Tattoo Talk: BLXPLTN’s TaSzlin and Jeremy Wolfe Kivett Discuss Everything They Love About Tattoos



They don’t come more ferocious than BLXPLTN. This duo is dedicated to standing upright in firm opposition to the negative societal powers that be and are fueled by their righteous rage. They’ve chosen to turn the negative into the positive, though, and use their distaste to create their bold statements against those they view with disdain in their examinations of race, class, gender, and sexuality. Theirs is a music meant to say something and meant to make a difference.

Leading the charge are TaSzlin Rico Muerte and Jeremy Wolfe Kivett, two men on a mission to kill convention. They bring with them the enthusiasm and motivation of their influences, because without the Dead Kennedys, Bad Brains, Ministry, and Big Black there would be no BLXPLTN. This is abundantly clear on their new album, PhlegmTV, a collection of songs that are a full-on sonic assault against all those that lie within their path. The album is at times chaotic, but always on point with its intention to shake up things. With PhlegmTV, TaSzlin and Kivett will show you a thing or two about what it means to push synths and drum machines to their absolute limit.

With that said, you’d be correct if you had the feeling that BLXPLTN are not only enthusiasts of their music, but also of their own power of self-expression. For our latest edition of Tattoo Talk, we spoke with both men about the love of their “art” and their passion for tattoos.

When, where and what was your first tattoo?

TaSzlin Muerte: “My first tattoo was one I did myself on my left bicep with a homemade machine, made from a Walkman, that was barely legible. It said ‘IMS,’ which was my rap group when I was 15, Ill-Minded Sons. I also gave other people horrible tattoos with this abomination of a machine. The tattoo has since been covered.”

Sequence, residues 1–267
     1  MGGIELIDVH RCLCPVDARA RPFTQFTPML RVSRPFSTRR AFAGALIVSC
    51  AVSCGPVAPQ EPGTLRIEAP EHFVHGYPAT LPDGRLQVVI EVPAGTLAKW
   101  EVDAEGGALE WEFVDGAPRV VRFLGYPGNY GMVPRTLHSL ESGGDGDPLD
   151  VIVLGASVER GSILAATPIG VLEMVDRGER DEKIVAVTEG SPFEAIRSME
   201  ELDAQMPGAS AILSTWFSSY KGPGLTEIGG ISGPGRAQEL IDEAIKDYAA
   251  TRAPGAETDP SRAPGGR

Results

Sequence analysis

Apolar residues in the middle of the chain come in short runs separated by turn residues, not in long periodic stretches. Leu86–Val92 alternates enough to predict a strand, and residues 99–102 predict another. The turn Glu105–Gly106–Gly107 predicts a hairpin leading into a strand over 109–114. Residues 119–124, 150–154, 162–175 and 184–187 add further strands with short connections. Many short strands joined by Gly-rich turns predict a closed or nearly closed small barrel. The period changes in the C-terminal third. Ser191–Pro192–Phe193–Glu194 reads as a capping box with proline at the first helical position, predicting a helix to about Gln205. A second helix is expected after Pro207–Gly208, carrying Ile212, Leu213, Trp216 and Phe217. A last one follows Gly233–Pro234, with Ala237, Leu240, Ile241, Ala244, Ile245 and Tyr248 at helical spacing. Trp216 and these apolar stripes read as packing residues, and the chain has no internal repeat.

Jeremy Kivett: “When I was 15 I had the opportunity to get a tattoo from a guy who was crashing at a homie’s punk house in Greenville North Carolina. I had to get it somewhere I could hide it so my parents hopefully wouldn’t see it. I chose my lower back (this was before the term tramp stamp). I didn’t have much time to decide on something so I went with the word ‘FREEDOM’ I guess because at the time it was the thing I wanted the most. There was no table so I got it while laying on the hardwood floor. It hurt a fucking lot and the house didn’t have air conditioning so the guy doing the tattoo kept getting pissed at me for sweating so much. People have made fun of it and picked on me about it a lot but I probably won’t get it covered up because of the memories attached to it.”

Do any of your tattoos have a particularly special meaning behind them? If so, do share man!

TaSzlin: “I have a Polynesian half-sleeve on my left arm I got on three different trips to Hawaii. They were done by at Lady Luck Tattoo in Kona on the Big Island by my o’hana Anthony. I didn’t choose the patterns, they were gifted to me. Some patterns are for protection, some tell a story. They’ve been a source of guidance for me. There are small waves moving forward that remind me of the direction that I need to go.”

Kivett: “All of them do because of the memories attached. That’s the whole thing is they’re reminders of times, places and situations I would have most definitely forgotten.”

Do you have a specific shop or artist that you frequent (insert shameless plug time!)?

TaSzlin:Honest Josh did my traditional tiger and wolf on my forearm at Black Cat Tattoo (RIP). They are full colour which a lot of artists don’t want to do on brown skin, but he actually insisted and he nailed it. Paul Smith at Bijou did the black rose on my fist. I’d say he’s one of the best traditional guys in Austin, and he builds his own machines.”

Jeremy:James Montgomery in Austin Texas specializes in anime/comic/cartoon and @axis_matthew who designed and tattooed my Conehead Babe.”

Do you have any new tattoos planned or underway? Give us the dirt, dude!

TaSzlin: “I need to finish the grim reaper that covers my entire torso. Saving up for a medusa on my back and Caesar laurels on my head.”